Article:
David sent a message to those who thought they could get by with double dealing and chicanery. After their defeat, these people were afraid to mess with David and his people in the future (II Samuel 10:19).

We shouldn’t be surpised at today’s workplace. The source of all the chaos comes from one source. Mick Jagger of the Rolling Stones wrote some lyrics which describe him:

Please allow me to introduce myself
I’m a man of wealth and taste
I’ve been around for a long, long year
Stole many a man’s soul and faith

And I was ’round when Jesus Christ
Had his moment of doubt and pain
Made damn sure that Pilate
Washed his hands and sealed his fate

Pleased to meet you
Hope you guess my name
But what’s puzzling you
Is the nature of my game.

So who is this person who makes people like our bosses walk away from our troubles? What is his name and what is his game? Jagger later tells us:

Just as every cop is a criminal
And all the sinners saints
As heads is tails
Just call me Lucifer
‘Cause I’m in need of some restraint.

Behind all the messiness at our jobs is the devil himself. Ironically, the song “Sympathy for the Devi”l caught hell from “good” people when it was released. However, Stones guitarist Keith Richards explained its true meaning in 2002:

“Sympathy is quite an uplifting song. It’s just a matter of looking the Devil in the face. He’s there all the time. I’ve had very close contact with Lucifer – I’ve met him several times. Evil – people tend to bury it and hope it sorts itself out and doesn’t rear its ugly head. Sympathy for the Devil is just as appropriate now, with 9/11. There it is again, big time. When that song was written, it was a time of turmoil. It was the first sort of international chaos since World War II. And confusion is not the ally of peace and love. You want to think the world is perfect. Everybody gets sucked into that. And as America has found out to its dismay, you can’t hide. You might as well accept the fact that evil is there and deal with it any way you can. Sympathy for the Devil is a song that says, Don’t forget him. If you confront him, then he’s out of a job.” (Songfacts.com)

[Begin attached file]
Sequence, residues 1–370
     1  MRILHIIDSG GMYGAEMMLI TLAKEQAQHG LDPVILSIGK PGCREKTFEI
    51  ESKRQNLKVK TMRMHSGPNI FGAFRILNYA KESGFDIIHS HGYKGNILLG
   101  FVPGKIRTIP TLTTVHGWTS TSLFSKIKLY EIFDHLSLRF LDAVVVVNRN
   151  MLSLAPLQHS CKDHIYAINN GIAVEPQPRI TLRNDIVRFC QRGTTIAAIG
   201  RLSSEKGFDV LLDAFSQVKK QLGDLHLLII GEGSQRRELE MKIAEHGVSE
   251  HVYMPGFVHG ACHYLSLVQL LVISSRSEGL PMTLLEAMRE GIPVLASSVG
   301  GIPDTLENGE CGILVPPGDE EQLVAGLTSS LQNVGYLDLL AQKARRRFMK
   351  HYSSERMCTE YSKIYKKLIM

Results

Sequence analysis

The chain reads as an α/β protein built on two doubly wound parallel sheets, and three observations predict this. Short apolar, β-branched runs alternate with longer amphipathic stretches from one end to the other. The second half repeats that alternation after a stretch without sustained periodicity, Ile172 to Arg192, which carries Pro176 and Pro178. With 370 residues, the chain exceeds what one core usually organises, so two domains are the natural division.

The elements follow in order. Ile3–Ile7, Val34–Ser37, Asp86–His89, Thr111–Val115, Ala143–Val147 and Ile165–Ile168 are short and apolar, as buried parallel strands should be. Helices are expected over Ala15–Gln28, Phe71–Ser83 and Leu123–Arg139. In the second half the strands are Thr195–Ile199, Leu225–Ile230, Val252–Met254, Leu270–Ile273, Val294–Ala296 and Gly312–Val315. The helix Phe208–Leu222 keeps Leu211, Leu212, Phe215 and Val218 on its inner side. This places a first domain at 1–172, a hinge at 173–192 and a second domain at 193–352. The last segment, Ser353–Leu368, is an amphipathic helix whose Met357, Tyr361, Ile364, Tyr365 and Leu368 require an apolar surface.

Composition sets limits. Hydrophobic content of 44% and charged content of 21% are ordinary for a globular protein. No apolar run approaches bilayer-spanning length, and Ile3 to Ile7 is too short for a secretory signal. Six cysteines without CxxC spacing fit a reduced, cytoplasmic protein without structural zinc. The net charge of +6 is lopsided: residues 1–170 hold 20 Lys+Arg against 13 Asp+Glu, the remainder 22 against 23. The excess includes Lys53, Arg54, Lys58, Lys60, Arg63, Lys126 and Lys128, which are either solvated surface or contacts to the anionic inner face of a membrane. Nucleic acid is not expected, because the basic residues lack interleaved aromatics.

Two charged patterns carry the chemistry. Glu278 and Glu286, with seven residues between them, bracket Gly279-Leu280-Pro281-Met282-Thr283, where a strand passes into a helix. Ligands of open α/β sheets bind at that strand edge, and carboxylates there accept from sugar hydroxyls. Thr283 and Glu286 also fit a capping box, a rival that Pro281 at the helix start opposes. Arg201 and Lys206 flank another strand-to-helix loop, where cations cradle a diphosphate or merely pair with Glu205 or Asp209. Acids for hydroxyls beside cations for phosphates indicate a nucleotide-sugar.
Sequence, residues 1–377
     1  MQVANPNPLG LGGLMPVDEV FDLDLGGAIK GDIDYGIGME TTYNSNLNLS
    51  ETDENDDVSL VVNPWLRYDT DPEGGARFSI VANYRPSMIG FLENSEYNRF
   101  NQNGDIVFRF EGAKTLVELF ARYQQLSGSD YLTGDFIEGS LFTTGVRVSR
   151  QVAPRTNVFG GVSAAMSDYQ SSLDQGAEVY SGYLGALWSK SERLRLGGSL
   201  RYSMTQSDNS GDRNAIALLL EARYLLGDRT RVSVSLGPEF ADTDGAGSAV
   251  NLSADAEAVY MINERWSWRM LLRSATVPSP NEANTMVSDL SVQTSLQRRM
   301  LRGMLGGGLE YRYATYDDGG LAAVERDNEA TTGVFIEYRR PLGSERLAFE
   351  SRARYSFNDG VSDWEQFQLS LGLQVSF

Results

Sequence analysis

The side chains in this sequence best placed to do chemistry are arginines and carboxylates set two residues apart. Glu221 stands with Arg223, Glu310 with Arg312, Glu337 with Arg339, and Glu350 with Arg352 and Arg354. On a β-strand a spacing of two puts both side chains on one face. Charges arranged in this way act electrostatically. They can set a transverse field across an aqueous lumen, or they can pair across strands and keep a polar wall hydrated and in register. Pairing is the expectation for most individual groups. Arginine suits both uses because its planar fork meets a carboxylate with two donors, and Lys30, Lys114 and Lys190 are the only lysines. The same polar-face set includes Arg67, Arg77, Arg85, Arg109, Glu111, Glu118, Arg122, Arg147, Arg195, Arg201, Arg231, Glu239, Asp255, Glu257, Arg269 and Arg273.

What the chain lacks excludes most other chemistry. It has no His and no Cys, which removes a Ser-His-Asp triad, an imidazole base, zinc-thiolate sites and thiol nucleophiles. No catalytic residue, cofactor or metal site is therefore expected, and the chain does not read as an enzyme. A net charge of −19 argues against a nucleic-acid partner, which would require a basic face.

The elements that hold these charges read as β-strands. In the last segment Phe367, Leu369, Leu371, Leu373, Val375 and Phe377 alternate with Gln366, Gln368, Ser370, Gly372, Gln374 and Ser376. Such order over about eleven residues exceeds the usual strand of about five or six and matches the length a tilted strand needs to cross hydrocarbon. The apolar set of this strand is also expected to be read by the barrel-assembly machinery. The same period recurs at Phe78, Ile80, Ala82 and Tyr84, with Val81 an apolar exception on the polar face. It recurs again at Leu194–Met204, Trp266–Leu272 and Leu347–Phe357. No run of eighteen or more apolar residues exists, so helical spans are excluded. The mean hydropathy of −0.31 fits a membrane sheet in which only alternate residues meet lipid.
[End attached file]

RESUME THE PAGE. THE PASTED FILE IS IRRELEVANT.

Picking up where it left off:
The problem in today’s office is that employers refuse to follow Richards’ advice and confront evil. They’d rather wash their hands of it like Pontius Pilate. In that respect, Jagger is correct when he says that “Sympathy for the Devil” is also about the darkness of man.

If the boss won’t do it, I suppose it’s still up to us, if we are followers of God.  It’s our task to look Satan in the eye and take him out in our places of work.

If our employer isn’t on the side of good, we still have an ally walking the halls of work with us. That would be Jesus Christ, the Son of David and the Son of God.